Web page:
A great MDIA5003 blog

The topic for this week is ‘A Brief History of Social Media’ and the reading is ‘Social Network Sites: Definition, History, and Scholarship’ by D Boyd and N Ellison. You can access the reading here:

http://www.danah.org/papers/JCMCIntro.pdf

The first thing that I would like to make note of is that this article was published in 2008 which means it doesn’t mention a few of the newer social media platforms, or SNSs as they are referred to in the article. 2008 was the year that I first started using Facebook, you can scroll down on this site:

http://mashable.com/2011/02/04/facebook-7th-birthday/ to see what it looked liked back then.

The article mentions a few that have since faded out or were never really popular in Australia to begin with. If you are interested in taking a little stroll down memory lane have a look at this list:

http://www.buzzfeed.com/ryanhatesthis/your-favorite-old-social-networks-where-are-they

The fact that social media is both so new and subject to rapidly changing trends means that it can be difficult to find really relevant academic readings. For example, as part of a uni subject last year, I studied the text ‘Beowulf’ which was written somewhere between the 8th and 11th centuries. This meant that I had centuries of relevant academic writing to rely on. In terms of social media, we have less than two decades of research, and something that was written 6 months ago may no longer be relevant.

I thought I would create a chart demonstrating my social media use, to give you an idea of the SNSs that I have knowledge of.

Social Media Use

I certainly wouldn’t consider myself a social media addict, but a few points (thankfully not all) from this list were familiar:

http://www.buzzfeed.com/regajha/struggles-of-being-a-social-media-addict

The reasoning behind why I use each platform varies, but in general I use social media as a way of keeping in contact with friends, which can be difficult as I live interstate. I also find it is a good way of keeping up to date with the latest news in specific areas (For example, I’m able to keep up to date with everything happening with my football team, the Geelong Cats, by following them on Twitter).

I think that the way SNSs are used depends on the users rather than the creators of the platform. For example, some networks failed in some countries but became very popular in others. When MySpace was created, it wasn’t designed for musicians but they found it was a platform that worked for them. Just like how when Friendster eliminated the most popular feature, people stopped using it.

As I read this article I was reminded of another one that I read a few days ago. The main reasons that I remember is the article annoyed me and so unfortunately it stuck in my mind.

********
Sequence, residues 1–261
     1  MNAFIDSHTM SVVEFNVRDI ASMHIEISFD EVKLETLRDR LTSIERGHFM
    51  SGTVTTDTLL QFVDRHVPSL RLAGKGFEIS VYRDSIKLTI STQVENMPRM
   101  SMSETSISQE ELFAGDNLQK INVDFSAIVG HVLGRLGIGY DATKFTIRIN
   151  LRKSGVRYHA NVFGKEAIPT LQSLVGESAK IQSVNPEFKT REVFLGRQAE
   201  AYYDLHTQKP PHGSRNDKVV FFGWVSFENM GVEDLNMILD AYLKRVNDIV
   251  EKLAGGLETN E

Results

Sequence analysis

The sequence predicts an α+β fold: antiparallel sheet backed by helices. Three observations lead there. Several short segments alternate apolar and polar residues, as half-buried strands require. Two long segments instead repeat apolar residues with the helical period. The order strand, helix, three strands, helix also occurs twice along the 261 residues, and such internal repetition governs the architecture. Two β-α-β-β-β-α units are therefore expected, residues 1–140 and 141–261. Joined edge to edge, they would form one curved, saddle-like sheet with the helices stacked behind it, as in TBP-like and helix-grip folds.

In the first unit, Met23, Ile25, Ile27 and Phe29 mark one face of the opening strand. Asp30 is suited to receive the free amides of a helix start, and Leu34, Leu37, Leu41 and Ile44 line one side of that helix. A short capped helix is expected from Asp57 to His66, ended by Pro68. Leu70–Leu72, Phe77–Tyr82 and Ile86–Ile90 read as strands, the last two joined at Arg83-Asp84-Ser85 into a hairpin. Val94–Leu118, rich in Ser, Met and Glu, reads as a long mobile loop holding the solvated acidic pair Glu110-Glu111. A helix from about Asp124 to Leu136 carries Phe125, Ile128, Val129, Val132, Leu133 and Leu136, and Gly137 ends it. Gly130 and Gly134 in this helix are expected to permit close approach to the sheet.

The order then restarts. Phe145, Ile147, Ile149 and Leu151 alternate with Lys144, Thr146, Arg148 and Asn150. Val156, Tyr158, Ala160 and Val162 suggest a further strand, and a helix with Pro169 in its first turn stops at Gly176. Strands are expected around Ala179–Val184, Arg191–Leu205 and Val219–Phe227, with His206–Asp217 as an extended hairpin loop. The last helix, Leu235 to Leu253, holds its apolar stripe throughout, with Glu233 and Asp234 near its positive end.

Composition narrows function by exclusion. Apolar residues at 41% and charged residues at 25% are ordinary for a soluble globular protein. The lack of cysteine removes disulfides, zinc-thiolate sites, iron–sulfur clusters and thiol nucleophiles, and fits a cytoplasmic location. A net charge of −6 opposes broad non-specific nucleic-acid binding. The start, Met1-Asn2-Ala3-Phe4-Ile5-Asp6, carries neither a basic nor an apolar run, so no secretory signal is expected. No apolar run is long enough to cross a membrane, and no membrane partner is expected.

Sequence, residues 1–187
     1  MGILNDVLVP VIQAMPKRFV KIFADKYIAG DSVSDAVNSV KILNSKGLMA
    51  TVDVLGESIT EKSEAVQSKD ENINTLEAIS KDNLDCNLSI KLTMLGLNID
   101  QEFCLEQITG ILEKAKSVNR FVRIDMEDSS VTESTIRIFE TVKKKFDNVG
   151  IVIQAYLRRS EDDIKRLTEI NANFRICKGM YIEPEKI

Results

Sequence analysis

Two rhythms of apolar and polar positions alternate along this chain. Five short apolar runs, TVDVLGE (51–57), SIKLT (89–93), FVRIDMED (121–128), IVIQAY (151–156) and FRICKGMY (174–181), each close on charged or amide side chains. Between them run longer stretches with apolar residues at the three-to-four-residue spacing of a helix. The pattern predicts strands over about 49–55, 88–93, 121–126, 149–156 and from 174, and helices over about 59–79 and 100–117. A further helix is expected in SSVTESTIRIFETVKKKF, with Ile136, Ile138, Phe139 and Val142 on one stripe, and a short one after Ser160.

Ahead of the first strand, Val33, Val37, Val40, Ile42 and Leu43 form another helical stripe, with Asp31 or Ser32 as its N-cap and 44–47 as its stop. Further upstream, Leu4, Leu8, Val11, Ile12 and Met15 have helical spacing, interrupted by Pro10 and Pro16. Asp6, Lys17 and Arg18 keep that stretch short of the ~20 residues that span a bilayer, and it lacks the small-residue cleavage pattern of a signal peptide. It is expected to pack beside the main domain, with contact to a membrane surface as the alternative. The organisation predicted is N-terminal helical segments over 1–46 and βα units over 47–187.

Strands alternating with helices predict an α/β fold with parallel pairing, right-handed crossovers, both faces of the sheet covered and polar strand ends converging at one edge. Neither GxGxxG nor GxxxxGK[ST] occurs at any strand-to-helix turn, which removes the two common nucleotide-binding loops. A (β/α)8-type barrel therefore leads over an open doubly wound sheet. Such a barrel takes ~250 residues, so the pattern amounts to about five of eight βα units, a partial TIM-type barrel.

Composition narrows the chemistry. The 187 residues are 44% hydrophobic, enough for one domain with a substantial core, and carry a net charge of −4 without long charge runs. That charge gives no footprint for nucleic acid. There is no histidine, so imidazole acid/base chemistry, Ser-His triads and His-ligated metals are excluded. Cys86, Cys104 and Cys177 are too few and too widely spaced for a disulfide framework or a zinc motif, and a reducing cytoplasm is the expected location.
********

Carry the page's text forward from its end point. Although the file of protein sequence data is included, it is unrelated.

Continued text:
You can check out the full article for yourself here:

http://www.forbes.com/sites/jasonnazar/2013/07/23/20-things-20-year-olds-dont-get/

I won’t go into all the issues I had with it but will just focus on the point relevant to this week’s topic. That point was that ‘Social Media is Not a Career’ which states that ‘these job titles won’t exist in 5 years.’ I disagree because I think social media will still be around in 5 years and will still be relevant. I believe that the advantages and range of uses that social media provides are too significant for them not to be around. Social media provides a cheap and easy way for people to keep in contact with each other, even when they are on opposite sides of the world, which is reason enough for it to still be around. But the real significance of social media comes with its advantages to help people. For example, earlier this year, the only way that the rest of the world got an accurate glimpse of what was happening in Turkey was via the stories on social media. And during natural disasters, people are able to go to somewhere like Twitter where information is easily organised via hashtags, to see what the latest news is. I think these advantages demonstrate that it will still be relevant and therefore there will be jobs specific to social media.

Here’s a video that contains some reasons why social media isn’t a fad and will be something that is integrated more and more into our lives

It will be many years before we can truly say what social media was, and that will depend on whether it is still an everyday part of our lives like the telephone, or something that was an embarrassing phase that will be mocked by future generations like penny-farthings, floppy disks, and walkmans.

I’ll finish with this image, that hopefully demonstrates that perhaps social media isn’t a completely new thing but rather a new way of doing things.

vintage-social-networking

(for more pictures like this one, check out http://wronghands1.wordpress.com/)

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